Esther’s Story

Though the family continued to live in Warsaw, in 1939 Mrs. Shlapin took her children back to Drujsk for a visit with their grandparents. Mr. Shlapin was to join the family later, but Nazi Germany invaded Poland on September 1, 1939, and Warsaw was attacked. When the situation finally settled down, Mr. Shlapin was able to join the family in Drujsk, reporting that he had to travel by foot for three weeks in order to reach them.

As part of the Molotov-Ribbentrop Pact between Germany and the Soviet Russia, Drujsk came under Soviet rule, while Warsaw was under the Nazis. The Shlapins had to stay in Drujsk, and tried to keep life as normal as possible. Esther turned 12 years old, started going to a Soviet school on the outskirts of town, and joined a Communist youth group.

“But this happiness lasted a very short time…”
—Esther Shlapin

In June, 1941, Esther’s daily life changed dramatically once again. First, on a personal level, her dear grandmother died from an illness. Within two days, her beloved brother, Yisrael, decided to leave Poland with a group of friends and head for the Soviet Russia, where he believed he could build a better life for himself. As Esther later realized, he left just in time, before the Nazis broke their pact with the Soviet Russia and invaded their town. Then, the lives of all the Jews in Drujsk were changed dramatically, and a reign of complete terror began.

“And those two weeks were terrifying.”
—Esther Shlapin

When the Nazis entered, they started taking Jewish men out of the city on a daily basis to participate in various work projects around the area. No one knew exactly where they went or what happened to them there, but when they returned someone was always missing.

As for the women, the Germans distributed yarn and ordered them to knit socks and mend sweaters for the German army. Every Jewish family had a quota to fill, and if they did not meet the requirements, they would face severe punishment. Esther’s mother taught her how to knit and she did her best to help, always afraid that if they didn’t reach the quota, her mother would be punished.

Other rules and regulations soon followed. There was a curfew. No one dared to go out at night. Esther was home all day, since school was now closed. Esther’s father had to work all day, and came home late at night to sleep.

Then one day, after about six months, Esther was terrified to suddenly hear soldiers yelling and dogs barking on the street. She heard that the Jews were instructed to pack up their belongings and leave their homes immediately. Parents and children struggled to stay together in the confusion as everyone was forced to walk though the streets, carrying their belongings, to an unknown destination, deported from their homes.

Finally, they arrived in a place which they were told was a ghetto, in a small town near Vilna called Swienciany. All the Jews from Drujsk were shoved into a synagogue, and everyone had to sleep on the floor. It was crowded and there was not enough food. It soon became unsanitary, and there was an outbreak of typhus . Many people got sick, lying on the floor with a high fever, stomach aches, and diarrhea, and there was no medicine to help them. Whenever the Germans would enter the synagogue, the healthy Jews would surround the sick ones, hiding them and protecting them from being taken away from their families.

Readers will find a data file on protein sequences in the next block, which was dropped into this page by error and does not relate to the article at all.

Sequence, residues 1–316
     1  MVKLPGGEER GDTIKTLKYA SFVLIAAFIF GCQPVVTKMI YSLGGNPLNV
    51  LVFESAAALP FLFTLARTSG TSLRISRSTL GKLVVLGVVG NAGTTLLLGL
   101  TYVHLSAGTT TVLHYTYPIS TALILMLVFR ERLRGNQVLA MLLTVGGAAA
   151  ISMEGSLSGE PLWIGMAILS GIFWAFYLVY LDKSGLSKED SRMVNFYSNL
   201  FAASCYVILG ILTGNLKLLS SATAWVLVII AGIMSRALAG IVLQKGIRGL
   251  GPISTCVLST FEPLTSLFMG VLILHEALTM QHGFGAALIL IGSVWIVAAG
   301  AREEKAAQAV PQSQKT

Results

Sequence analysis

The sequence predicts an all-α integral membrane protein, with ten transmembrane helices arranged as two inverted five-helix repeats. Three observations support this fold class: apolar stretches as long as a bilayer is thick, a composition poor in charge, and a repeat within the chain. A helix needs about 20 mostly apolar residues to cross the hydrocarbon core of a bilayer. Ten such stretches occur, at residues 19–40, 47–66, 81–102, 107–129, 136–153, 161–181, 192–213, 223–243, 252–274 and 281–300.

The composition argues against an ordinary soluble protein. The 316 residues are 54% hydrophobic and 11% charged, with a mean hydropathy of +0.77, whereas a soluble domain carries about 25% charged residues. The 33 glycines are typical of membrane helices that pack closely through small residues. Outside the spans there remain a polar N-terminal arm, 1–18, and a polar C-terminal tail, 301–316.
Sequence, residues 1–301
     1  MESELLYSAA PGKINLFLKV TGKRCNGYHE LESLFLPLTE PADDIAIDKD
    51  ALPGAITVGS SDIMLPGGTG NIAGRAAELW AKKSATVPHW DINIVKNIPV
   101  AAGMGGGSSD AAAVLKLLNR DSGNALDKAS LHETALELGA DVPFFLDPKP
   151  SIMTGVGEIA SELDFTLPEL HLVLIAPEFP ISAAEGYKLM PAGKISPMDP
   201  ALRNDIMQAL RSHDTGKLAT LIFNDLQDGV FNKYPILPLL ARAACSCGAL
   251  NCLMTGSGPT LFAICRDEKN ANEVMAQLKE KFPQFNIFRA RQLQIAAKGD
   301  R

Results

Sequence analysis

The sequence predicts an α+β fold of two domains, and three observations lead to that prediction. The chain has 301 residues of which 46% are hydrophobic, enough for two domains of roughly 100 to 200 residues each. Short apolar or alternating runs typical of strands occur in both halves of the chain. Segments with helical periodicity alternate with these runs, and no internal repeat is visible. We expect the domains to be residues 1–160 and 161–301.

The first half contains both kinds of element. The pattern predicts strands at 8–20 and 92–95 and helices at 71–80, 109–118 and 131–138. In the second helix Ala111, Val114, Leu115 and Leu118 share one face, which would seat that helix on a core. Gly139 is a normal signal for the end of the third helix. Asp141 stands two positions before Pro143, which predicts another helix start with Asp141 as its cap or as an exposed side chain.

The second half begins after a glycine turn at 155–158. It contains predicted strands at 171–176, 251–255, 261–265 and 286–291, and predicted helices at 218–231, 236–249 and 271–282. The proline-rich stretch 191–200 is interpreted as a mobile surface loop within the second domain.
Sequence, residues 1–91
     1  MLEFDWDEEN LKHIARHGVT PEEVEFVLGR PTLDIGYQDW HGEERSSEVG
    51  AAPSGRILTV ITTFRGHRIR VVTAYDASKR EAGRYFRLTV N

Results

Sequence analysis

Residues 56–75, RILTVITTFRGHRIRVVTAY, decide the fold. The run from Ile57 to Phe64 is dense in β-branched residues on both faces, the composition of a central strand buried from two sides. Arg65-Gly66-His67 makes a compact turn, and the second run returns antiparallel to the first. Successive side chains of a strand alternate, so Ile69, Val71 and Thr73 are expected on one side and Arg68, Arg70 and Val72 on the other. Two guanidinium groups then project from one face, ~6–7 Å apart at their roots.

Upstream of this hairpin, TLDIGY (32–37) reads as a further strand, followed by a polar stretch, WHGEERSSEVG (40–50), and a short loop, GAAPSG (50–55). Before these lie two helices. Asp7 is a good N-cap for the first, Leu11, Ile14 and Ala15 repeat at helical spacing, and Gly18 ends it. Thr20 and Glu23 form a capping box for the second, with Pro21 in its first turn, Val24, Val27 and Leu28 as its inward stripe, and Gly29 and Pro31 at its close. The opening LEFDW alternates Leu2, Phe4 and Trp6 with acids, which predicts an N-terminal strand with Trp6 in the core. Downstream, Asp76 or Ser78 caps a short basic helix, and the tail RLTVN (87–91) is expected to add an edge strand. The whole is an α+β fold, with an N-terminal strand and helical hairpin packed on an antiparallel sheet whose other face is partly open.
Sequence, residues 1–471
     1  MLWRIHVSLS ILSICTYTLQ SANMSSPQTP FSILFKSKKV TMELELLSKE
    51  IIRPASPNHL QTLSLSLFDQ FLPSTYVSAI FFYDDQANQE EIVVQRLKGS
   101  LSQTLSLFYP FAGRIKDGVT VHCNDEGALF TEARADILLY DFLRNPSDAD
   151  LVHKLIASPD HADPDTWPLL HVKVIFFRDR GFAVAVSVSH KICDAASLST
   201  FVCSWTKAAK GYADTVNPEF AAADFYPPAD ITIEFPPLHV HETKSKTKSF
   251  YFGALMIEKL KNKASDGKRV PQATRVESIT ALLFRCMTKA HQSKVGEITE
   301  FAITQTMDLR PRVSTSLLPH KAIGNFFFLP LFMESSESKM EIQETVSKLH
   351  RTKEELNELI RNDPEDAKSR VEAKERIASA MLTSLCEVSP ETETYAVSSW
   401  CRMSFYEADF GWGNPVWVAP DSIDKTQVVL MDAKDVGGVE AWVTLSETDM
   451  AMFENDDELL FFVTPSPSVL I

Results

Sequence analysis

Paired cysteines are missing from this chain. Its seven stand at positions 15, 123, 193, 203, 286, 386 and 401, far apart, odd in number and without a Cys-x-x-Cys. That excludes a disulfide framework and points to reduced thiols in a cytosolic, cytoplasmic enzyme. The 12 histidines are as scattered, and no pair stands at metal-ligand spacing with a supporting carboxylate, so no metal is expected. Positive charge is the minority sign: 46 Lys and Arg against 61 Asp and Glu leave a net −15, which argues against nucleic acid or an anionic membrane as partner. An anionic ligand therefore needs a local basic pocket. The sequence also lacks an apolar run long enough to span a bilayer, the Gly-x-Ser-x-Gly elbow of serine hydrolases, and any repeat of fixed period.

The children also tried to help. While they innocently passed the time playing games in the streets, they also used this opportunity to be on the lookout for the approach of German soldiers. If the Germans got close, one of the children would sneak away from the game to warn the adults. One day, after about six months of living under these conditions, German soldiers finally did arrive for a final raid on the ghetto, yelling and pushing all the Jews out of the synagogue, onto cattle cars .

On the train, Esther found herself with no food, no water, and no ventilation, but at least she was with her family. Then, the train suddenly stopped in the middle of a forest.

“It was night. And we stood still.”
—Esther Shlapin

After the trains arrived at their final destination in the Vilna Ghetto, Esther and her family tried to set up their lives once again, with many of the same problems as before. Men were often taken for forced labor and never returned. Food was scarce, and everyone was hungry all the time.

Hoping to find a way for the family to survive in this new place, Esther’s mother decided to use their small amount of food to make pancakes and sell them on the streets. Many people were trying to sell all sorts of goods in order to make a bit of money. Sacrificing their food for this cause, Esther and her mother fried the pancakes and set up a stand, calling out to the passers-by. They hoped that the onlookers would not only be hungry, but also have compassion for the young girls. But while Esther, her sister, and their mother stood out in the streets, not a single person stopped to buy anything from them.

Under these conditions in the Vilna Ghetto, Esther was devastated to see her grandfather die. It was a confusing and difficult time.